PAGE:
“Lions and Tigers and Bears, oh my!” is a familiar quote to many from the Wizard of Oz. It’s come to represent the speaker being fearful of a rumored threat. But, we also know that Dorothy locks arms with Tin Man and Scarecrow and plows forward with them in the face of fear and ultimately conquers it (picking up the Cowardly Lion in the process). Perhaps distinguishing strategies from activities isn’t quite as intimidating as encountering wild animals in the Haunted Forest of Oz, but it has leant itself to some uneasiness.
So, let’s extend this analogy a bit: Dorothy’s ultimate goal is to return home to Kansas. In order to do that, she has to employ research-based strategies by engaging in a variety of activities. The first strategy we witness is Feedback; she confers with Glinda, the Good Witch of the North and learns she needs to go on a quest to reach the Wizard. Armed with this new information, Dorothy sets off and soon employs Cooperative Learning as she picks up Scarecrow, Tin Man, and the Cowardly Lion. She collaborates with her partners to follow the Yellow Brick Road, reaching the Emerald City and the Wizard. Optional extension: continue the metaphor with a partner or on your own; for the rest, here comes the connection!
A couple of weeks ago, Shannon and I teamed up with building admin to deliver PD to middle school teachers in our district on this very subject: distinguishing Strategies and Activities (not The Wizard of Oz). In order for our students to achieve positive academic results, we need to engage in activities that employ research-based strategies to better their performance.
Once the foundation was laid, we targeted one specific strategy: Non-Linguistic Representation (NLR) and a specific activity: Concept Mapping. We briefly reviewed Dual Coding Theory, namely reminding folks that we take in information in two ways, linguistically (word-based) and non-linguistically (sensory), concluding that the more we employ both systems of representation, the better we are able to think about and recall knowledge. Following, we facilitated an activity using a jigsaw process in small groups to complete a Concept Definition Map.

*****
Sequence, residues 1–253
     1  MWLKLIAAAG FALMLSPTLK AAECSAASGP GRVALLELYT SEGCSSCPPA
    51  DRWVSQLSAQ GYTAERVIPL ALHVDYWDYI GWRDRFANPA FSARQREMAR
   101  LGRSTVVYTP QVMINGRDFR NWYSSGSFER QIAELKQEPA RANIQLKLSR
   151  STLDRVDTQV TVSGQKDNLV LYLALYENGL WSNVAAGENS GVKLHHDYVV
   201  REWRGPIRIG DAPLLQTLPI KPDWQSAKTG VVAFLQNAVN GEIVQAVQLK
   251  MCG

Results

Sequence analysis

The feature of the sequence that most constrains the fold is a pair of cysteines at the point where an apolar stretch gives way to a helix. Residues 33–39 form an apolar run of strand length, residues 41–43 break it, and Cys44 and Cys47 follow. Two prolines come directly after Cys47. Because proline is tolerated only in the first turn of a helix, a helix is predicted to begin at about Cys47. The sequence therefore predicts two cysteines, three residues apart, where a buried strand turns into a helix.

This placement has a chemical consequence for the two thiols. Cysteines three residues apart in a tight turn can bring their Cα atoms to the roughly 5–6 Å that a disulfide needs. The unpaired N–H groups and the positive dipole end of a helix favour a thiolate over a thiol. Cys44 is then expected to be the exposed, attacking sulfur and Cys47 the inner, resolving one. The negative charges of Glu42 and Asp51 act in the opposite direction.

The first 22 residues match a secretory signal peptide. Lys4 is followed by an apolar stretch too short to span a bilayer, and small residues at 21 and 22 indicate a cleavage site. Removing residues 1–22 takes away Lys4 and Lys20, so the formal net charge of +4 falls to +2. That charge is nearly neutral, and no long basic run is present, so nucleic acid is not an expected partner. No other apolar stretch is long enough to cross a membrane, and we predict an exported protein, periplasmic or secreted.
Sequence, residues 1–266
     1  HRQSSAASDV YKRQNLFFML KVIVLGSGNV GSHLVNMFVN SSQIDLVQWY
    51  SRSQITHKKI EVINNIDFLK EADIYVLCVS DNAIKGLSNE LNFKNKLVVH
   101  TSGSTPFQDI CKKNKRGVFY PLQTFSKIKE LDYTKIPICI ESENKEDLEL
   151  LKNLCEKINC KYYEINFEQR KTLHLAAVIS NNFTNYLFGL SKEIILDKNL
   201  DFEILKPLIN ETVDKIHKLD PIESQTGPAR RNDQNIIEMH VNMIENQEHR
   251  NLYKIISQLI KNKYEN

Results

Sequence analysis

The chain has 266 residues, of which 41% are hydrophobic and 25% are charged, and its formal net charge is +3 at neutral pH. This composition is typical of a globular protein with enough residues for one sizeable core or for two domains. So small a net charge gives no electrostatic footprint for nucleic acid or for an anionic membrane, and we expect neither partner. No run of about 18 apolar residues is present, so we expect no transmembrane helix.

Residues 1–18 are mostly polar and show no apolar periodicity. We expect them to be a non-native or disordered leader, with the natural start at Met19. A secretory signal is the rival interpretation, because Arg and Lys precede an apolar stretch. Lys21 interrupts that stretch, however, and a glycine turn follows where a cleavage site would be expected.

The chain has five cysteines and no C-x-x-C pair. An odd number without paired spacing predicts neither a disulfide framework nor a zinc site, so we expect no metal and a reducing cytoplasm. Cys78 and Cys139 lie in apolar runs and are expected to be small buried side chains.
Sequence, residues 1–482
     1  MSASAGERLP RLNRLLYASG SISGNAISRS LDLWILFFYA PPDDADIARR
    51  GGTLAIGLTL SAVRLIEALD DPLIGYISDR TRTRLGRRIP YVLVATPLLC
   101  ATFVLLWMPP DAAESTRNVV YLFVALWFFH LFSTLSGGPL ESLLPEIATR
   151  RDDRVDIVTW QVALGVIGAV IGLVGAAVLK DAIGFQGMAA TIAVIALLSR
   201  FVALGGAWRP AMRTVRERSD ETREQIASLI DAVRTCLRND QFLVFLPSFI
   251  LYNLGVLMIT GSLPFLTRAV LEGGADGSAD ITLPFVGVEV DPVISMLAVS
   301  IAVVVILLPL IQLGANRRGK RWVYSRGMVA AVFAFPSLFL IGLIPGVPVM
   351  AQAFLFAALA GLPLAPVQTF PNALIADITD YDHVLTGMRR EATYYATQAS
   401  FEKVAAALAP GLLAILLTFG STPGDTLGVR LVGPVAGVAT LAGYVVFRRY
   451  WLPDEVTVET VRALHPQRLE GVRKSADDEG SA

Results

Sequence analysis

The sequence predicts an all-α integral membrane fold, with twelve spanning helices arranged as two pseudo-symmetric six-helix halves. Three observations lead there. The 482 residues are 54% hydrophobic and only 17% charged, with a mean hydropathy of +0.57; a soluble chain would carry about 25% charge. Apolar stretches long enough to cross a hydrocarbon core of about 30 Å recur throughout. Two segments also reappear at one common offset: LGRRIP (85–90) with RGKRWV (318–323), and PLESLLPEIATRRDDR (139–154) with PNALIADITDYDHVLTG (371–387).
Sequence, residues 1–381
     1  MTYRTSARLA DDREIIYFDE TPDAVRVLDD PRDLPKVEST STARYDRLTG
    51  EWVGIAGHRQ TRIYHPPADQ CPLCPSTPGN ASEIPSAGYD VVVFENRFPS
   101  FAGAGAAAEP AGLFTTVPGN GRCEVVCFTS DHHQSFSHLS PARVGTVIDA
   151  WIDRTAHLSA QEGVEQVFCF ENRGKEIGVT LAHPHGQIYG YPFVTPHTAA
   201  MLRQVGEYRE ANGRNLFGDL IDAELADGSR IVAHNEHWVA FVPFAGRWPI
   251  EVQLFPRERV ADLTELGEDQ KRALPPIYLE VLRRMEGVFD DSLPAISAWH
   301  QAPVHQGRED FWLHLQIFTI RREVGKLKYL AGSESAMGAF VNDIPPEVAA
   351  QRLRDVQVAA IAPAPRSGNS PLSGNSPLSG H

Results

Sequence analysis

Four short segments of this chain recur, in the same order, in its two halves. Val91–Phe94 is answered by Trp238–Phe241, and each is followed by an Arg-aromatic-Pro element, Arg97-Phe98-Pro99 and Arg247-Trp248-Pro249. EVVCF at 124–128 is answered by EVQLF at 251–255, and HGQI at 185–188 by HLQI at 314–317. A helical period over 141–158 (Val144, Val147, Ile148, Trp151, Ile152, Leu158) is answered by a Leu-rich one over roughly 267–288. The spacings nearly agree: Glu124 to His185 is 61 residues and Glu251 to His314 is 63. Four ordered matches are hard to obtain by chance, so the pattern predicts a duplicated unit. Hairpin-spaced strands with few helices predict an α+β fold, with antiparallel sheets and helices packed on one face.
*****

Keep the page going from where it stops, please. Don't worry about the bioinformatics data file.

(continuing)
Working in content area groups, teams then brainstormed other types of NLRs that would be applicable to their field. Below is an example of one such list:
Let’s take a look at a few of these NLRs that might be transferrable to various content areas:
The 4-Square is often used for vocabulary and as part of the writing process, but it isn’t the sole property of English Language Arts. Students can help solidify new vocabulary by not only defining it and writing about it, but by also supplying a picture to represent the word. When writing, students may benefit from a structured graphic organizer that helps them organize their thoughts and reminds them to incorporate transitions, details, and a summary conclusion. The designs are many and modifiable, too–truly versatile.
Haiku Deck is a presentation software students can use for a variety of purposes/projects. Check out this Haiku Deck Sample. They also provide a simple introduction video you can access on their home page.
Comic strip templates can be used for visualization activities with difficult text or to explain a process in a visual way. I had sophomores in small groups create a strip for the classic poem, “Lady of Shalott” stanza by stanza in order to “see” the action unfolding, which aided their comprehension. Again, if you are tech-minded, there are several comic strip makers and animation apps free online or for tablets, such as Bitstrips and Toontastic. Scientific processes and historical events, among other adaptations, seem like they would be a natural fit to such an activity.
So, it’s like Rosanne Rosannadanna says, “It’s always something. If it’s not one thing, it’s another.” Either Dorothy gets bumped on the head, dreams of traveling to the Land of Oz and has to get back home to Kansas, or we have students in our classrooms who have their own dreams of success. Regardless, employing researched-based strategies, engaging students in effective activities, and providing multiple ways of gaining that knowledge is best practice.